Our life was gliding along – 10 years after my wife, Jo, was first diagnosed with breast cancer (aged 30 years) , surgery, chemo, radiotherapy, every subsequent hospital appointment, mammogram and check up attended, life resumed. We worked hard and created a beautiful life together, Jo gave back every day through her job as a social worker committed to working alongside and supporting children. She is amazing! We believed Jo was safe, and the cancer had gone. We celebrated the 10 year cancer ‘free’ goal with Jo’s 40th birthday and our amazing Wedding in Mexico! That’s us in the photo above on one of the happiest days of our life together…..
Barely 9 months later, our world came crashing down in one phone call – who knew cancer could sit dormant for years? Who knew you can go from cancer ‘free’ to stage 4 incurable breast cancer in bones and liver without any warning? No lumps or obvious signs.
Not us or anyone we know – we thought we were educated in the breast cancer world – we were in fact in the dark the whole time. We know now.
This campaign asks you to both support Jo’s unfunded NHS medical costs and crucially to raise awareness of Metastatic Breast Cancer.
Since her recent diagnosis, with dignity and determination, Jo has again sat in the high-backed chair and undergone her chemotherapy, radiotherapy and hormone treatments in an effort to fight this incurable form of cancer. However, the NHS treatments can only help to a point – a point which Jo and everyone who knows her finds unacceptable. Jo has researched, read and researched some more - there are treatments available which the NHS do not fund for people with mets in more that one place in the body.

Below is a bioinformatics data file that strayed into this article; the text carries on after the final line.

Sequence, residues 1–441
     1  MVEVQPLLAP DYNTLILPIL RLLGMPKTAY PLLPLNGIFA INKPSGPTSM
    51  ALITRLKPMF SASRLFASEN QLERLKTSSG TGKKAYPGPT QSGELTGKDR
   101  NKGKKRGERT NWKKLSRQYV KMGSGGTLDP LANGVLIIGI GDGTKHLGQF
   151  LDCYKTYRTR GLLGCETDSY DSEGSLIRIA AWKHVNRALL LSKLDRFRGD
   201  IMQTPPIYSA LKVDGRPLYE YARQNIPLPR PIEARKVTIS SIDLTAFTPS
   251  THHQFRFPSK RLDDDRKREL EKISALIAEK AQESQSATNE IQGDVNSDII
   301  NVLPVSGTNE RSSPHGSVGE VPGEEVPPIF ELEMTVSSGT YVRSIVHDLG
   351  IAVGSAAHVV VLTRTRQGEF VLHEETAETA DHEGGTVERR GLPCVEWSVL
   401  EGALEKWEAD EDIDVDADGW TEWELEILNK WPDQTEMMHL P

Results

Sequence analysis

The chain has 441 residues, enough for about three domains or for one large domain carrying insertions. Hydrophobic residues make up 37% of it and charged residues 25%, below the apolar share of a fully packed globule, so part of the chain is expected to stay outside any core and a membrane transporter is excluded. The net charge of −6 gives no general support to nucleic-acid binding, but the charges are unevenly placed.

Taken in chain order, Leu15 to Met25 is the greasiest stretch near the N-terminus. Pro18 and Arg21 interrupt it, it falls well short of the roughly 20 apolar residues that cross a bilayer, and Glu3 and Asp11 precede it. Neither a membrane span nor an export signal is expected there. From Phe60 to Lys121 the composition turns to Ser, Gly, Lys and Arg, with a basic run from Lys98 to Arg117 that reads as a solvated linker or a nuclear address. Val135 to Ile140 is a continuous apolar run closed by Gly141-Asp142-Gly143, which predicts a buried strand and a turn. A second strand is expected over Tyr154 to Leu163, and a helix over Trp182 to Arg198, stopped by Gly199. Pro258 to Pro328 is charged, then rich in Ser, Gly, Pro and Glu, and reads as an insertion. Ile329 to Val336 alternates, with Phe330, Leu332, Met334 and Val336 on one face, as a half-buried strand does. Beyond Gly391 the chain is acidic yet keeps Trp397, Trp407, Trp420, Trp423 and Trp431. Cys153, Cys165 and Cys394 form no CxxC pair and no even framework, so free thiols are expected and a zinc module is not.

For the liver mets there is a treatment which offers Jo great hope - SIRT - Selective Internal Radiation Therapy. SIRT is a way of using radiotherapy to control cancers in the liver that can’t be removed with surgery. It is a type of internal radiotherapy. It is sometimes called radioembolisation.
SIRT is not funded by the NHS and currently costs £35,000 approximately per treatment cycle. In an effort to raise funds in support of the treatment, Jo, her family and friends will be undertaking various fund raising events, including a run and a cycle event from Dingwall to Kilmarnock.
Jo is grateful for every day and is doing everything she can to manage this cruel disease. Of particular importance to Jo, is her wish that anyone with a diagnosis of breast cancer is informed about secondary breast cancer, to know that there are thousands of people living with secondary breast cancer, but the profile needs to be raised and more research is needed. Jo’s fund raising events will contribute a % of any monies raised to support secondary breast cancer research.